HAMPSTEAD, Md. - At a busy intersection in the bucolic and conservative town of Hampstead yesterday morning, seven people waved signs calling on Carroll County drivers to honk for President Bush's impeachment -- and yelled "thank you" to those who cursed at them.
But nearby, an unlucky man who worked the night shift was trying to sleep. He called the police.
The protest organizer, Brad Brown, 27, of Westminster displayed his permit. Capt. Jay Gribbin of the Hampstead Police Department read Brown a transportation code that bans honking on highways for nonsafety reasons.
Brown agreed to move the small group to the northeast corner of Main Street and Gill Avenue so that most of the honking drivers were traveling away from the man's house. Brown didn't really mind. He was just tickled by all of the honking.
"In this county, I just can't believe it," said Brown, who borrowed the "honk for impeachment" idea from a Web site and organized a similar protest last weekend in Westminster. "It's just amazing. In Carroll County, of all places."
Brown is leading a small contingent of peace protesters this summer at four stops in Carroll and Baltimore counties on his way to a nationwide pro-impeachment march in Washington next month.
Brown and a network of grass-roots activists nationwide are trying to build support for impeachment, even in conservative areas such as Carroll County, where almost 70 percent of voters cast ballots for Bush in 2004.
"The Democrats in Carroll County, I don't want to say they're desperate, but probably the best way to describe it is that Carroll is a red county in a blue state," said Larry Helminiak, chairman of the county's Republican Central Committee, who did not pass by the protest. "Democrats who want to be in public office here switch to being Republicans. That's not a joke."
Helminiak said he often sees bumper stickers that say, "Courage is being a Democrat in Carroll County."
The seven people, working under the banner of Carroll County Progressives, certainly had chutzpah. They flashed peace signs, gave supportive drivers a thumbs up and waved American flags. But they also absorbed insults and vulgar gestures during their two hours in 90-plus-degree heat.
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One driver yelled, "Do you know a president that doesn't lie?" Another yelled (erroneously), "We didn't impeach Clinton." (He was impeached by the House but not convicted in the Senate.)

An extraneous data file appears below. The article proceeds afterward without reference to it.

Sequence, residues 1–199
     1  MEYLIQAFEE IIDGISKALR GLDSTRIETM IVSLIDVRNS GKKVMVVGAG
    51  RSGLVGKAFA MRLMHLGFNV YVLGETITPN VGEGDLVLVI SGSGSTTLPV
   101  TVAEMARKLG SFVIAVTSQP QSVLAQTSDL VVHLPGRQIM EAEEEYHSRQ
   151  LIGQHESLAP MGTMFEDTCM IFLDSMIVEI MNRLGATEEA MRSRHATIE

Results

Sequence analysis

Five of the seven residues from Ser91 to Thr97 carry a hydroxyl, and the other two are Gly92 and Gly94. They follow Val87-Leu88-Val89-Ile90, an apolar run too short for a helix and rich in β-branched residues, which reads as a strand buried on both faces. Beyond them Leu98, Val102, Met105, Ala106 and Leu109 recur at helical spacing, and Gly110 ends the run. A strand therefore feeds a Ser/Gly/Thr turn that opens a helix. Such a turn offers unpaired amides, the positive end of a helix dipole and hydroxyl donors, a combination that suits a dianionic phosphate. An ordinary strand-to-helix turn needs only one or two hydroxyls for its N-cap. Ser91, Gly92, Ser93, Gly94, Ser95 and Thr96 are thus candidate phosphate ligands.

One woman pulled over and asked sign-wavers whether the Democratic Party was sponsoring the protest. When they said no, the woman said that she was glad or she would have changed parties.
Most people just scowled or giggled at the sight of people in their 50s taking such a hard-line position.
According to a recent CBS News poll, President Bush's approval rating has fallen to an all-time low of 34 percent. A July survey by the nonpartisan American Research Group found that 45 percent of respondents said they want Congress to begin impeachment proceedings, while 46 percent opposed the idea.
Democratic leaders in Congress have vowed not to do so -- likely with independent voters such as George Bellgraud in mind. Bellgraud, a Hampstead resident, said that he found yesterday's protest "repulsive."
"It's not President Bush's problem," Bellgraud said. "It's our citizens' problem. We don't vote the right people in."
Protesters said that the war in Iraq, Bush's efforts to "neuter" the other two branches of government and their overall anger motivated them to take to the streets.
"People ask me why I do this, especially in Carroll County, and I say that it's even more important to show people here that we're not all of one opinion," said Jessica Conaway, 54, a psychiatric nurse and mother of three who lives in Eldersburg. "Some people who agree are passive, but hearing someone else honk gives them encouragement."
Helminiak, however, wondered whether the protesters had thought through the potential consequences of their call to action: "Then Richard Cheney would be our president."
Brown's answer was on his T-shirt: Impeach Cheney too.
Copyright © 2007 by The Baltimore Sun